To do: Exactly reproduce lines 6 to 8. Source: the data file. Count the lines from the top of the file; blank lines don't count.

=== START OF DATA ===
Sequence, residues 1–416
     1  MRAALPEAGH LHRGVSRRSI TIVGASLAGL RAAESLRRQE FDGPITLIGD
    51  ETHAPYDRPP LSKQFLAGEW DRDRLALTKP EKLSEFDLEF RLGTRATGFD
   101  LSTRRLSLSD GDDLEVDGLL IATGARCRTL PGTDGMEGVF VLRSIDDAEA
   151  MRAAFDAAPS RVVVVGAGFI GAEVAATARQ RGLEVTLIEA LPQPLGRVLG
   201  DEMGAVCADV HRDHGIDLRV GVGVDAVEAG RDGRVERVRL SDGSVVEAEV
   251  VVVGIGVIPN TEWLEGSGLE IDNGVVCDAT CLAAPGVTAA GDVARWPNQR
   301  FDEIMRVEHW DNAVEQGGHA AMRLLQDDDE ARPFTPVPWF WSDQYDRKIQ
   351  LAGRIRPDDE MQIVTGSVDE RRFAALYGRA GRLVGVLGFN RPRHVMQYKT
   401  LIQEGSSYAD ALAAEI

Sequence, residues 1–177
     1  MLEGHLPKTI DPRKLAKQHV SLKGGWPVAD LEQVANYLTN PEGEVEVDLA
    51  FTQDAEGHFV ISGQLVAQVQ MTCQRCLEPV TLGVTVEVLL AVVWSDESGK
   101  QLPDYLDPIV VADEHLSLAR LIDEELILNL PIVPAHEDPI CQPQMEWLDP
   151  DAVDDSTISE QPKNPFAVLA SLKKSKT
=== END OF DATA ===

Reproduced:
   201  DEMGAVCADV HRDHGIDLRV GVGVDAVEAG RDGRVERVRL SDGSVVEAEV
   251  VVVGIGVIPN TEWLEGSGLE IDNGVVCDAT CLAAPGVTAA GDVARWPNQR
   301  FDEIMRVEHW DNAVEQGGHA AMRLLQDDDE ARPFTPVPWF WSDQYDRKIQ